Osteoarthritis (OA) and Chronic Low Back Pain (CLBP) are two of the most common chronic pain conditions worldwide. Both conditions are associated with substantial humanistic and socioeconomic burdens. Pharmacologic therapy for OA and CLBP often includes non-steroidal anti-inflammatory drugs (NSAIDs) and opioids, typically in a step-up approach.
There is an unmet need for novel, nonopioid treatments for the management of chronic pain conditions because available therapies often have limited effect or work for only some patients. In addition, there are major risks associated with NSAIDS and opioids that limit their usefulness, particularly for patients with comorbidities who are not appropriate candidates for NSAID and/or opioid treatment.
Patient preferences for pharmacologic treatments for chronic OA pain and CLBP have been formally measured; however, existing studies are limited in their ability to provide results that can inform the benefit-risk tradeoffs that patients are willing to make among NSAIDs, opioids, and potential alternative forms of systemic pharmacologic treatment.
To quantify patients’ perspectives of the value of alternatives to NSAIDs and opioids, Pfizer and Lilly conducted a DCE in patients with OA only, CLBP only, and concurrent OA and CLBP in the US. The patient samples included difficult-to-treat patients with moderate-to-severe pain due to knee and hip OA or CLBP who have taken or tried three or more classes of pain treatment in the past 2 years, for whom NSAIDs are contraindicated, or who are intolerant of NSAIDs or unwilling to take opioids.
To quantify patients’ perspectives of the value of tanezumab compared with other products, Pfizer and Lilly were interested in conducting a DCE in patients with OA only, CLBP only, and concurrent OA and CLBP in the US. Specifically, Pfizer and Lilly hoped to quantify patient preferences for the characteristics of tanezumab relative to those of NSAIDs, opioids, and other NGF-inhibitor products. Separate preference studies were conducted in the US and UK using the same survey instrument.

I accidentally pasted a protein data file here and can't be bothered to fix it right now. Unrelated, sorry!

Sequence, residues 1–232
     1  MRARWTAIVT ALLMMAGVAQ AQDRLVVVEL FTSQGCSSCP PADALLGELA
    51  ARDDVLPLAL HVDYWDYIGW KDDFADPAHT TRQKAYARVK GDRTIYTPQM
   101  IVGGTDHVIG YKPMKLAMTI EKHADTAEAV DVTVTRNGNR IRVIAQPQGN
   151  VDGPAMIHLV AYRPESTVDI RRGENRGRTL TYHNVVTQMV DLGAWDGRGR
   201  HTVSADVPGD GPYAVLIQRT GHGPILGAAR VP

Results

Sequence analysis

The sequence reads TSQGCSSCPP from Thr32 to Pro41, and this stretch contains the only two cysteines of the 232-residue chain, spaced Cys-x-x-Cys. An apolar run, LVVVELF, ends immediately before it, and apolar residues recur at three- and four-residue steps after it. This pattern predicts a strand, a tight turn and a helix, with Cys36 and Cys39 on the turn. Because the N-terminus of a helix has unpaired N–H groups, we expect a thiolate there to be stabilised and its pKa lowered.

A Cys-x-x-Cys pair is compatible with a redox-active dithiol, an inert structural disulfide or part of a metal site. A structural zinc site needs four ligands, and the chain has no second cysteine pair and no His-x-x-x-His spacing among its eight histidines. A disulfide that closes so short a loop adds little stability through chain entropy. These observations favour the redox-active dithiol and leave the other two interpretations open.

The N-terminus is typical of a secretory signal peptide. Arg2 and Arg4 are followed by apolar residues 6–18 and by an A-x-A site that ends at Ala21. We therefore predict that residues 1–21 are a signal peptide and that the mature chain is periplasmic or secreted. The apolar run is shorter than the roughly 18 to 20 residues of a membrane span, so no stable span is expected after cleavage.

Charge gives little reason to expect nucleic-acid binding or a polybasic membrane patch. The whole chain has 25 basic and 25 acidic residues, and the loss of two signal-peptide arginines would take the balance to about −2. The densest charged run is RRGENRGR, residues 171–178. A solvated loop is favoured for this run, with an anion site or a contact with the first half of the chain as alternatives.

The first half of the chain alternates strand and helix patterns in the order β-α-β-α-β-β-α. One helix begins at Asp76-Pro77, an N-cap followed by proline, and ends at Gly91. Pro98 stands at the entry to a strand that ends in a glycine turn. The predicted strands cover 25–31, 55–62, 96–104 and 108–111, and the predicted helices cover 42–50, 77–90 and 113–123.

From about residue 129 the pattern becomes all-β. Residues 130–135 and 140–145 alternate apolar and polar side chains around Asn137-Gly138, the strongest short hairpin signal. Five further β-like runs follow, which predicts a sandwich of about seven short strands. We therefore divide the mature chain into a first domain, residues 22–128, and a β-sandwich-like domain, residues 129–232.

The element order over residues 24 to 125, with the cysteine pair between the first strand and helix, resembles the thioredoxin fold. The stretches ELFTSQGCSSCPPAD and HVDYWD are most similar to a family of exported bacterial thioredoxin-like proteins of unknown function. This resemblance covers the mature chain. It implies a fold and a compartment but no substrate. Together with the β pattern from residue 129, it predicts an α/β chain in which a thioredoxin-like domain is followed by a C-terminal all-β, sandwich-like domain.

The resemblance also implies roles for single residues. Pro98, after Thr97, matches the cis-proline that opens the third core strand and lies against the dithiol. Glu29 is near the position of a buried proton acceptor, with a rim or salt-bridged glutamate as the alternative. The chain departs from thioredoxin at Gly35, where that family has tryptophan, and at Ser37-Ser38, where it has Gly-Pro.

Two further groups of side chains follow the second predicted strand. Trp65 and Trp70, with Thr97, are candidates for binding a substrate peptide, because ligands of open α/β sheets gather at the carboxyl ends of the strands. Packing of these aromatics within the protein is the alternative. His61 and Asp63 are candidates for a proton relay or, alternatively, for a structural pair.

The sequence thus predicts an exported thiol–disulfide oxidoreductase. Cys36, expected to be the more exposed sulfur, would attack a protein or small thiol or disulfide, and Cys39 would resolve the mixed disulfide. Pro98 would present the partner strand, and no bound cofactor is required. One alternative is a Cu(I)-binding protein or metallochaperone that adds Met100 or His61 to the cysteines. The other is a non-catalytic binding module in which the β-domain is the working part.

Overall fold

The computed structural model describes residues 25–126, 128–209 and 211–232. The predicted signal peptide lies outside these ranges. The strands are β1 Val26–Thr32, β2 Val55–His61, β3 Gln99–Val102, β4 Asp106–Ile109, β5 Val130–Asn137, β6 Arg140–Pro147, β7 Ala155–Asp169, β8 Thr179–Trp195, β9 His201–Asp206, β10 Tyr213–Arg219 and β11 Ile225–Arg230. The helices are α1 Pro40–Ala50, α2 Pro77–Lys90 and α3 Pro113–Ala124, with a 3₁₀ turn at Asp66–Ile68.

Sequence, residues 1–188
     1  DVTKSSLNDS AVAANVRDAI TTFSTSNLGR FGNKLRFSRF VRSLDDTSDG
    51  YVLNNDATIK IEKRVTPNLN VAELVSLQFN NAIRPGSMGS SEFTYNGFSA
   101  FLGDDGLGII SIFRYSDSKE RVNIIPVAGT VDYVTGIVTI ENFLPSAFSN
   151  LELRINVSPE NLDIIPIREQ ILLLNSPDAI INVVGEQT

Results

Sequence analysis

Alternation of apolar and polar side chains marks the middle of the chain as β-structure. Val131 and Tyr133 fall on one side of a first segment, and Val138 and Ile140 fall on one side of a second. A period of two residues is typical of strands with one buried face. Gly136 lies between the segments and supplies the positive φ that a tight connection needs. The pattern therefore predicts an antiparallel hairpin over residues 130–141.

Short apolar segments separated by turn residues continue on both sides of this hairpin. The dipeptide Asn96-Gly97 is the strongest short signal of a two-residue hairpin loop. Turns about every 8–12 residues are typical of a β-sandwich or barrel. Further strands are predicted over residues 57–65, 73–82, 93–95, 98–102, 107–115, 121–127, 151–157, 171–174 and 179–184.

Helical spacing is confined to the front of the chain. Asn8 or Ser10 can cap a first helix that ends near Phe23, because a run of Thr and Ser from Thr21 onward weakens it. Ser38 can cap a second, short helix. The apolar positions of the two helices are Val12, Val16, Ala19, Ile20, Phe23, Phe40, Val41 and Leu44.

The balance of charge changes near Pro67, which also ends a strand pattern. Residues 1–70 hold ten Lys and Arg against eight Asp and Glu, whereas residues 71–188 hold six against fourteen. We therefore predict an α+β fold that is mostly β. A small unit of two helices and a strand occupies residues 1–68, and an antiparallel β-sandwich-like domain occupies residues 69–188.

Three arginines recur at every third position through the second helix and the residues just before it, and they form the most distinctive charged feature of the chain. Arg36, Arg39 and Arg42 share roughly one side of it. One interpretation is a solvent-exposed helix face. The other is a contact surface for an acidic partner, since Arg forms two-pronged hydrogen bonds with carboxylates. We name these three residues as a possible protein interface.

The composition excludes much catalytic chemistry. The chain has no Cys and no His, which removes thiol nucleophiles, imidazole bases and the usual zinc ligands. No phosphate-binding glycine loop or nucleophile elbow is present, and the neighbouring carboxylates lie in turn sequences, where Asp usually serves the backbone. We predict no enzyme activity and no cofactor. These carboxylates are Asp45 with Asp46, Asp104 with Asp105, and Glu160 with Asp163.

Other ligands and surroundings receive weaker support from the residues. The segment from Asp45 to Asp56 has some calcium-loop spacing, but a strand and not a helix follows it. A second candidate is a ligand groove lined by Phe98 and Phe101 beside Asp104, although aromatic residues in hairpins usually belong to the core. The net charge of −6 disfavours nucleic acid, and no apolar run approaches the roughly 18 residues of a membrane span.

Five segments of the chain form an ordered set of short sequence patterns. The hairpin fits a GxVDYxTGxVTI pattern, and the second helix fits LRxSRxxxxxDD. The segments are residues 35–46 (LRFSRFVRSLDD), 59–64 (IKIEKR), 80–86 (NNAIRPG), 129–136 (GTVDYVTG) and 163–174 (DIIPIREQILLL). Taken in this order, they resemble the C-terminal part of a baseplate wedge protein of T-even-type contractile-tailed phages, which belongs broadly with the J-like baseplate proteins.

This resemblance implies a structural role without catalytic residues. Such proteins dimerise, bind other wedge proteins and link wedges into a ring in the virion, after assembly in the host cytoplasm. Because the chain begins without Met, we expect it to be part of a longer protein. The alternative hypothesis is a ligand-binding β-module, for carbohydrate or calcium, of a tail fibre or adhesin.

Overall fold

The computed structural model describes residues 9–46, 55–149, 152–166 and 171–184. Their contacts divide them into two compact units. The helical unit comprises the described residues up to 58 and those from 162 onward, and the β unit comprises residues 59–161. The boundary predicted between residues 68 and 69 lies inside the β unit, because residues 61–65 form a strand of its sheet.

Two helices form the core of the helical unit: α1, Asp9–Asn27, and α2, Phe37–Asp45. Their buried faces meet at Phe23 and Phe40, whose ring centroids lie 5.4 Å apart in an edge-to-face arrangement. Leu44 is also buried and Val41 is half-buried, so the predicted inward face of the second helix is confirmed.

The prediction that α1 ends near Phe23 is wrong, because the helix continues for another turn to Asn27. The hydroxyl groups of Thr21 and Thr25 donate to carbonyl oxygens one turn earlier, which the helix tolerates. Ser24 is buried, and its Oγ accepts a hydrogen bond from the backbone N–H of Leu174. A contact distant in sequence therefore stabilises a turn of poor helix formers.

|Therapeutic area||Chronic pain|
|Study led by||Pfizer
|PREFER leads team||Leo Russo
|MPLC decision point of interest||Pre-approval and late development|
|PREFER case study acromym||Pfizer-Lily|
|Clinical objectives||Quantify patient preferences for pharmaceutical treatments for chronic moderate-to-severe musculoskeletal pain associated with osteoarthritis (OA) and chronic low back pain (CLBP).
Understand patients’ preferences for, and potential trade-offs among, treatment attributes that are most relevant to them and that correspond to existing and potential alternative treatment options
|Patients from||Patients recruited from US and UK online panels maintained by a company called Dynata.
Panel members are recruited via partnerships with trusted loyalty programs, as well as through banner ads, pop-ups and messages on websites, television
|Methods in Qualitative study||Focus groups|
|Methods in Quantitative study||
Discrete Choice Experiment (DCE)
|End-date qualitative data collection||US data collection: March 2019.
UK data collection: March 2019
|End-date quantitative data collection||US data collection: 20 March 2019
UK data collection: TBC
D. Turk, M. Boeri, L. Abraham, J. Atkinson, A.G. Bushmakin, J.C. Cappelleri, B. Hauber, K. Klein, L. Russo, L. Viktrup, D. Walsh, Patient preferences for osteoarthritis pain and chronic low back pain treatments in the United States: a discrete-choice experiment, Osteoarthritis and Cartilage, Volume 28, Issue 9, 2020, Pages 1202-1213.
D.C. Turk, A plain-language summary to complement a publication reporting patient preferences for analgesic therapy characteristics by Turk et al., Osteoarthritis and Cartilage, Volume 29, Issue 8, 2021, Pages 1237-1238,
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